ISET Consumer Confidence: Anticipation Beats Realization
19 October 2016

The CCI, which is computed by ISET-PI on a monthly basis, monitors how Georgians feel about their personal financial situations and the economic well-being of the whole country. Roughly speaking, the index is computed as the difference between the frequencies of positive and negative answers to 12 questions covering the present and expected economic situations of the households surveyed, as well as general economic parameters of the country, such as inflation and unemployment.

ISET’s Consumer Confidence Index Shoots through the Roof
20 September 2016

In September 2016, ISET’s Consumer Confidence Index added 13 points, the single largest monthly increase in the Index since its launch more than 4 years ago. Having risen from -28.7 to -15.7 points, the CCI rebounded to levels we have last observed about two years ago, in fall 2014 (i.e. at the outset of the GEL devaluation drama).

Homo Economicus Sisyphus
06 September 2016

In the last two decades, happiness has moved into the focus of economic inquiry. Frey and Stutzer (“What Can Economists Learn from Happiness Research”, Journal of Economic Literature 20, 2002, pp. 402-435) argue convincingly that gross domestic product (GDP), unemployment, inflation, and many other indicators of economic performance are primarily interesting because they are correlated with the well-being of people.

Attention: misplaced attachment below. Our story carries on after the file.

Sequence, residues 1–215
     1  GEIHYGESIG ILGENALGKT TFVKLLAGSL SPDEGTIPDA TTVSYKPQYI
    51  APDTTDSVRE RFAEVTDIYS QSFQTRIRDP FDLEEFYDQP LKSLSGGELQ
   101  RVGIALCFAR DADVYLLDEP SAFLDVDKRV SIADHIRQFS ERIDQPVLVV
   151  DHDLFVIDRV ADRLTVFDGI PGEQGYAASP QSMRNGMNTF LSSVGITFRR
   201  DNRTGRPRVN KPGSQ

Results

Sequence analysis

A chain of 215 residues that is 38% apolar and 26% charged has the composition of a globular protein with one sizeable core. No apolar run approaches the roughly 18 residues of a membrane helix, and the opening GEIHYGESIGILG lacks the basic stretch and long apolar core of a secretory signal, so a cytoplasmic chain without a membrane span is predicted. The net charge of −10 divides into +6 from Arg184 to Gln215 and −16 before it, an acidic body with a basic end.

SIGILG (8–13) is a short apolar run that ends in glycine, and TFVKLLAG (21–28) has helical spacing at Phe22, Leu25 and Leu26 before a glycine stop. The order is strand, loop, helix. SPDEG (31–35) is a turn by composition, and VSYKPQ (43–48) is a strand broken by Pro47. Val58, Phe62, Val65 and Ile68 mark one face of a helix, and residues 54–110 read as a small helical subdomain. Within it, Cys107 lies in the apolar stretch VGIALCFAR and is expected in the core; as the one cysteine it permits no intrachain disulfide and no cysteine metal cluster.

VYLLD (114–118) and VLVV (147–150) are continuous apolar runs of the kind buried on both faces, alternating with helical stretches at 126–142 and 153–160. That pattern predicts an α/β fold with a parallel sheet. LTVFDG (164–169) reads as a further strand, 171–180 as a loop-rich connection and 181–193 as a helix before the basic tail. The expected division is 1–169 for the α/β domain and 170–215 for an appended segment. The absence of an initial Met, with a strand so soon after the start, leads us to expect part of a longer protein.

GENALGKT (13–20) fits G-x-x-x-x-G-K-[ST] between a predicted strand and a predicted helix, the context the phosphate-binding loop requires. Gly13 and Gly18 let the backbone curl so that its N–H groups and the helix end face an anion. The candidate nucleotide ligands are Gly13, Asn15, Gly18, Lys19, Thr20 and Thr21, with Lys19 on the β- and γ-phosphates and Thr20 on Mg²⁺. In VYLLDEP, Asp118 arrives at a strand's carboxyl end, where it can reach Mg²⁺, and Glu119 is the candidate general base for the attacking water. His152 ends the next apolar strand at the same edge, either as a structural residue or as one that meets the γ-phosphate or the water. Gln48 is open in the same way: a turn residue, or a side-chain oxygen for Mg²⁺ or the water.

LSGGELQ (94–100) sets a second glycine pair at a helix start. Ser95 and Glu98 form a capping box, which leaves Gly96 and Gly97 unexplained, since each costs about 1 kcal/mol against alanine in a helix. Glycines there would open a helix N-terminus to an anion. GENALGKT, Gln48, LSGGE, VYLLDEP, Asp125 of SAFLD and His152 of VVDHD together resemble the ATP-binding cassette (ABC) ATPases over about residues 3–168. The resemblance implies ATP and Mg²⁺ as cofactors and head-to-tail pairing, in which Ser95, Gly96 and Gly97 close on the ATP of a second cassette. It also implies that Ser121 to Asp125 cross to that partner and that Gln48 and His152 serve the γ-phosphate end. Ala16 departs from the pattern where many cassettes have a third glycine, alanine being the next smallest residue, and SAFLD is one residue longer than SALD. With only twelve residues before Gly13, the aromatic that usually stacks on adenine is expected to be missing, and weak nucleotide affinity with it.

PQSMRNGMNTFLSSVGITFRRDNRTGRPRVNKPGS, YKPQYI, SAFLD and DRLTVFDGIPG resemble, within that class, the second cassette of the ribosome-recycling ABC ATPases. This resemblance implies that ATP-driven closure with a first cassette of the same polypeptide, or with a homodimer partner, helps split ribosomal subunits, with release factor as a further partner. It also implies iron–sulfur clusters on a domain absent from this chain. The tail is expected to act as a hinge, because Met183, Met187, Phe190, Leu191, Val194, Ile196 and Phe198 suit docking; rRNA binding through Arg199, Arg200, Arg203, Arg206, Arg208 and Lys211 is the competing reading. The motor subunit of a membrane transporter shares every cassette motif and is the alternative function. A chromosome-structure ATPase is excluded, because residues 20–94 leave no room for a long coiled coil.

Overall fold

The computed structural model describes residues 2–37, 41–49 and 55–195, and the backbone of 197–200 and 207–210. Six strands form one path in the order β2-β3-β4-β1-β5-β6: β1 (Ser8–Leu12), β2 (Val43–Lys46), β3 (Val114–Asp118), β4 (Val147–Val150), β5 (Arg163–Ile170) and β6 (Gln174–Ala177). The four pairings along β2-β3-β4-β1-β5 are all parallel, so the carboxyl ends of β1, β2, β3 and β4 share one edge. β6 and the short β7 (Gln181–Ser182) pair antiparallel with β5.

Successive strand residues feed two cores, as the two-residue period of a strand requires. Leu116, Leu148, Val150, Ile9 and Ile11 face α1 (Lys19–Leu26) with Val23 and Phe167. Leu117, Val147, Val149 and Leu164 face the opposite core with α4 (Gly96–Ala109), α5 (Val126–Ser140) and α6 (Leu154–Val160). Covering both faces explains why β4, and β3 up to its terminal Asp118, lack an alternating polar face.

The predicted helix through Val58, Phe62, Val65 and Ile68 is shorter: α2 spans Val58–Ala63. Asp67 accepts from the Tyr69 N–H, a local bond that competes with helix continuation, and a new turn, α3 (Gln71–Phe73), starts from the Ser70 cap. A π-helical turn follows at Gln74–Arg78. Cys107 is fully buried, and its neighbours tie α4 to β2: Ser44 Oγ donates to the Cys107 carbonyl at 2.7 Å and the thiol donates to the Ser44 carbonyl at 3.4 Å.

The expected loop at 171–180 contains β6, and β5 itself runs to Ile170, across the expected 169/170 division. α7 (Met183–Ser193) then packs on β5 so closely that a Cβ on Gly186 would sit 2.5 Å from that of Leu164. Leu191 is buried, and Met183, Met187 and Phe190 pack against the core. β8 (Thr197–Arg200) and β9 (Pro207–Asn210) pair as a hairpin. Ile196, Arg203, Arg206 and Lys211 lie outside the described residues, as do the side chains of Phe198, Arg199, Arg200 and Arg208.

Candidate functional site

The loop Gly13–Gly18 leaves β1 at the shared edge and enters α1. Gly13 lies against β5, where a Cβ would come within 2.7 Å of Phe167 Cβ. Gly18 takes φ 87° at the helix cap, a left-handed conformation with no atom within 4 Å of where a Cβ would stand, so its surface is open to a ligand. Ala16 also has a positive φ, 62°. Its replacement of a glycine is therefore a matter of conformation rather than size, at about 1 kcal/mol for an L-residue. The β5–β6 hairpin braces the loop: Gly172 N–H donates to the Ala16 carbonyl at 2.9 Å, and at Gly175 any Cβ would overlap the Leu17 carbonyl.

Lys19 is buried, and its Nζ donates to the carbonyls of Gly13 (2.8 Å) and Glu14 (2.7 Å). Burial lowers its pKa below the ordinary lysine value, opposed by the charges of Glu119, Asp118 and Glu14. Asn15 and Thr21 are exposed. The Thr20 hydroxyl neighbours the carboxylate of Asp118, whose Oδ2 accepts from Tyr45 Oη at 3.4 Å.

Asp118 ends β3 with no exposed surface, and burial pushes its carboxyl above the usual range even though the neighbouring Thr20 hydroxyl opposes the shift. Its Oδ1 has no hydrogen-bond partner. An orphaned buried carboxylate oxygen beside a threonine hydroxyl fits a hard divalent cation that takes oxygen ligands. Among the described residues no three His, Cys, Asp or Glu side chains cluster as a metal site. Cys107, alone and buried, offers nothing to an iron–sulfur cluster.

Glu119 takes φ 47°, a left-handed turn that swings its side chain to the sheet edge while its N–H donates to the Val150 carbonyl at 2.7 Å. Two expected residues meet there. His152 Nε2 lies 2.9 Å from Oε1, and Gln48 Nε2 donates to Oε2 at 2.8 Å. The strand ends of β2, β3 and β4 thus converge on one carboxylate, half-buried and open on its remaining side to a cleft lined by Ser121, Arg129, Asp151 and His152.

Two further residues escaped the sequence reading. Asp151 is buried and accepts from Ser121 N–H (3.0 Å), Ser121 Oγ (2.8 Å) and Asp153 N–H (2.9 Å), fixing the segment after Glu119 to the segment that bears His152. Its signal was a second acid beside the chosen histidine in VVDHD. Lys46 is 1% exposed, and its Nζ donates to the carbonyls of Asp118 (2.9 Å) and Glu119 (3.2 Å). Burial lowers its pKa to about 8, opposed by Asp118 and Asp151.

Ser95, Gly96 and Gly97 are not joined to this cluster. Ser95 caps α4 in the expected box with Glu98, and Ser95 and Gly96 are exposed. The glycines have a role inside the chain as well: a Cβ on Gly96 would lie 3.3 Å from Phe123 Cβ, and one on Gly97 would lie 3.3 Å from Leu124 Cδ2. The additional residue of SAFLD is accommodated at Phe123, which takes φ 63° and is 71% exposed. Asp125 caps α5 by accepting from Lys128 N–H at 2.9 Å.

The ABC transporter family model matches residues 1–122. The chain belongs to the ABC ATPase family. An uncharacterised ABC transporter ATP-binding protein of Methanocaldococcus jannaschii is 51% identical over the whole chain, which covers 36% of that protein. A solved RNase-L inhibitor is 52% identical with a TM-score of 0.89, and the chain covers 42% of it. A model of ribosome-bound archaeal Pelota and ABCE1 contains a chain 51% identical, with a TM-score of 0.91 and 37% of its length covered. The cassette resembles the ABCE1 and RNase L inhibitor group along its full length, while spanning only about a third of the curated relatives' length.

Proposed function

Georgian Pension Reform – an Experiment in Libertarian Paternalism?
05 September 2016

Starting from October 1, 2017, a private retirement savings system will be launched in Georgia as part of broader pension reform. This reform has been discussed by Nino Doghonadze and Yaroslava Babych in Decent Income in Old Age: Georgian Dream or Reality? on the ISET Economist. Today we will focus only on one very interesting aspect of the reform – the “opt-out” principle and its implementation in the Georgian realities.

Overworked and Underpaid
11 July 2016

In 2014, 22% of Georgia’s working adults reported having worked more than 40 hours per week, i.e. working overtime. This may not sound like a lot, but, as an average figure, it hides a great deal of geographic variation in the incidence of overtime work. Very few people work overtime in places where there are almost no jobs, such as Kakheti or Racha. Conversely, more than 50% work over 8 hours/day in the dynamically developing Tbilisi, and as many as 44% in the adjacent Kvemo Kartli.